Engaging, arresting…. Peyton positions Night Wherever We Go in conversation with contemporary novels that reimagine the expansion of possibilities for Black enslaved people in the American South…. [Night Wherever We Go] asks us to remember that our personal history—acting with whatever power, big or small, we have in our reach—transforms our communities, too.” — Boston Globe
"A haunting evocation of the routine brutalities of slavery that is also a powerful celebration of friendship, community, resilience and rebellion. A hugely impressive debut." — Sarah Waters
"Heart-rending." — Washington Post
"A stunning debut. Peyton’s language is masterful." — Shondaland
"A gorgeous, gripping novel that captures both the infinite tragedies of enslavement and the fierce courage of its victims. As our society grapples still with whether women can make decisions about their reproductive futures, the pain and pleasure depicted here feel even more relevant. Most essential, most relevant, however, is how these women resist. Sold, but not bought." — Washington Independent Review of Books
“A searing debut…. Peyton weaves through the minds and spirits of her large cast of characters with insight and ease…. Alternately suspenseful and poetic, this novel marks the beginning of a promising career.” — Kirkus Reviews
“A powerful and inspired achievement. Tracey Rose Peyton gives voice to the enslaved women of this nation’s past who have, for far too long, had their voices gone unheard in the annals of history. She does them justice and then some. This one is not to be missed.” — Nathan Harris, author of The Sweetness of Water
“Night Wherever We Go is extraordinary: a beautiful book about harrowing things, beautiful because of its understanding of humanity, its astonishing language, and the plain brilliance of its author. I'm not sure I've recovered from the experience of reading it, or ever will, or ever should.” — Elizabeth McCracken, author of The Souvenir Museum
“In finding a completely innovative way to write about Texas, Tracey Rose Peyton has found a wholly innovative way to write about the cost and debt of freedoms in this nation. The prose here is never wieldy, though the ideas and particularly, the explorations of longing while Black are wonderfully layered. Night Wherever We Go has the potential to change how Blacknesses, Texas and the nation are written about forever.” — Kiese Laymon, author of Long Division
“Night Wherever We Go is a tale of epic survival, a song of collective resilience, an intimate exploration of love, friendship and sisterhood in the face of harrowing cruelty and injustice. In lyrical and precise prose, Tracey Rose Peyton evokes an indelible portrait of each woman's complicated desires, hopes and fears. And in spite of the characters' difficult lives, this is a book about joy and transcendence as much as it is about trauma and loss. The complex and varied voices of the women that inhabit Night Wherever We Go make it a haunting, powerful and utterly unforgettable read.” — Rachel Heng, author of Suicide Club
“Powerful…. Peyton has much talent to burn.” — Publishers Weekly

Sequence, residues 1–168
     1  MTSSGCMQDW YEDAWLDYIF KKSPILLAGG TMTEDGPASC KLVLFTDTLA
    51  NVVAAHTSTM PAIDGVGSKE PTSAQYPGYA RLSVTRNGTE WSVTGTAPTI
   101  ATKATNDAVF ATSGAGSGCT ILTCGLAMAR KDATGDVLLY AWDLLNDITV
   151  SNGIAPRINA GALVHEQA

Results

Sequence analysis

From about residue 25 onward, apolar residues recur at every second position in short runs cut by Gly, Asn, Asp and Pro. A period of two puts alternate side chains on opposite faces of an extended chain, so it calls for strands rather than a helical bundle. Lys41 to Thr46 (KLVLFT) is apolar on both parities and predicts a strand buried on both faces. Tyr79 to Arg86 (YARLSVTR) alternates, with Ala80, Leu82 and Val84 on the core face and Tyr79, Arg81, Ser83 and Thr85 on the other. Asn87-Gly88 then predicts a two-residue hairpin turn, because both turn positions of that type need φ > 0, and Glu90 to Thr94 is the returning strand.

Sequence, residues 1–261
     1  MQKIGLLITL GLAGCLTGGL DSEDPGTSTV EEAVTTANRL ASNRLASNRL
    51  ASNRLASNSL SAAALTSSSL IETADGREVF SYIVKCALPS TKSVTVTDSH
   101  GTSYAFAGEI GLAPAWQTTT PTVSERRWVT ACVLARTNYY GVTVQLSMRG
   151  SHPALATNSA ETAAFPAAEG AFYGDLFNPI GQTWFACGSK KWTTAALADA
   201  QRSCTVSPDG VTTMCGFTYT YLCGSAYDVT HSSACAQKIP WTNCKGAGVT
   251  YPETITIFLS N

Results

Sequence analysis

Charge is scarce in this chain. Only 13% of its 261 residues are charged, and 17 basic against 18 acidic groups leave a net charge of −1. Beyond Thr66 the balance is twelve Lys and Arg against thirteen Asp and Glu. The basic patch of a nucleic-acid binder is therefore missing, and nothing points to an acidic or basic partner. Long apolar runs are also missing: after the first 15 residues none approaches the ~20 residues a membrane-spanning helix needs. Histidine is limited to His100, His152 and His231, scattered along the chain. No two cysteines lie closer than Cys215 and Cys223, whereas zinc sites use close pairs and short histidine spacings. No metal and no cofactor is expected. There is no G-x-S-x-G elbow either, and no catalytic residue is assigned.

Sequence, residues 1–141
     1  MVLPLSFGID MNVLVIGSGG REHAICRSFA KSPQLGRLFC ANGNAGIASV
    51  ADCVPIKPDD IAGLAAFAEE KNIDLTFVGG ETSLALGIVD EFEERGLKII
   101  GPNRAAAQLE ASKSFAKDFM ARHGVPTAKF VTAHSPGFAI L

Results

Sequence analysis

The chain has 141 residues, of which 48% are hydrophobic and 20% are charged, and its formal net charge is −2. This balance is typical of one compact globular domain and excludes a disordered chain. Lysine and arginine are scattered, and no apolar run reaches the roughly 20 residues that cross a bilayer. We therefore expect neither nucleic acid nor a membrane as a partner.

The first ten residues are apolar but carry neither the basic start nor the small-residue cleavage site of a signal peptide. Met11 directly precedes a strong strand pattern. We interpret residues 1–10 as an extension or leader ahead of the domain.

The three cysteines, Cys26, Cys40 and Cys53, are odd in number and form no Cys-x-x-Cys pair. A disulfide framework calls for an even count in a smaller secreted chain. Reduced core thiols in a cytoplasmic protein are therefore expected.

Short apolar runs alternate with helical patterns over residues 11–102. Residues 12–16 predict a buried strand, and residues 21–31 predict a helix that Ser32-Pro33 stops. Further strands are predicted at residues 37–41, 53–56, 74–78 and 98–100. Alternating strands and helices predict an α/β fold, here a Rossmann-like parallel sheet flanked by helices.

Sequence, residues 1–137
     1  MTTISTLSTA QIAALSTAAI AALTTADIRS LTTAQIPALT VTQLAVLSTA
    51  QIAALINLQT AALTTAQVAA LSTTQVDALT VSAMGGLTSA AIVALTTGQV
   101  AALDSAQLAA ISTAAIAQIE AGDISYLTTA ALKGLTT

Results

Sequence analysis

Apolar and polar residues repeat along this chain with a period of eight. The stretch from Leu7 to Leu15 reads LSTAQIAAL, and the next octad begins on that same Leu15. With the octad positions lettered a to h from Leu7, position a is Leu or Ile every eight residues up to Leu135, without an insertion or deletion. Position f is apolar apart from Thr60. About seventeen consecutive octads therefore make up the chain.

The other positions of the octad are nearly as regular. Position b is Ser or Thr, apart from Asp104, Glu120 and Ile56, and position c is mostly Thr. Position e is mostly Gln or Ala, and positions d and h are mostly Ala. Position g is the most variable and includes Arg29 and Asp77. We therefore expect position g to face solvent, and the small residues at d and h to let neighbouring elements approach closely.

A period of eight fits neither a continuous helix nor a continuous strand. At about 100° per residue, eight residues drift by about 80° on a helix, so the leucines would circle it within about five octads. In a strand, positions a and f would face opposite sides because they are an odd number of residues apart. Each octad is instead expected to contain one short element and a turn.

"An evocative work of historical fiction distinguished by its setting and empathetic treatment of its multiple characters.” — Booklist
A searing debut novel that explores the inner lives of a community of enslaved women in Texas in the decade leading up to the Civil War.
Straining under the weight of mounting debts, plantation owners Charles and Lizzie Harlow—called "the Lucys" by the people they enslave because they were the “spawn of Lucifer”—are intent on “breeding” their slaves Junie, Patience, Lulu, Alice, Serah, and Nan. First, Zeke arrives, "trailing behind Mr. Lucy like a shadow," and the women are made to have sex with him. Then there are the half-starved and ashen Isaac and Monroe, to whom the Lucys “give” Patience and Serah as wives. Increasingly desperate, the women discreetly seek out the counsel of the cook Nan for elixirs that promise to weaken virility and cotton root, a natural remedy for getting “caught” with child. The men themselves must face the contempt of the women and the shame of being shuttled from plantation to plantation like little more than bulls or horses with the sole purpose of producing offspring, forbidden to think of the wives and children they had to leave behind. The glimmers of hope offered by true love, solidarity, and the distant promise of emancipation become both solace and weapons, powerful enough to make the women “reckless in thought and deed”—tempting them, at times, to take matters violently into their own hands. As the summer heat builds, slave insurrections are on the rise, and the Lucys become increasingly desperate themselves, coming closer and closer to discovering the women’s secrets. Peyton weaves through the minds and spirits of her large cast of characters with insight and ease. The novel moves deftly between the third person and a collective “we” narrative, revealing the women's intimate interconnectedness and the intersectional interplay of age, race, gender, religion, and social status in the struggle to survive amid the horrors of life on the plantation.
Alternately suspenseful and poetic, this novel marks the beginning of a promising career for Peyton.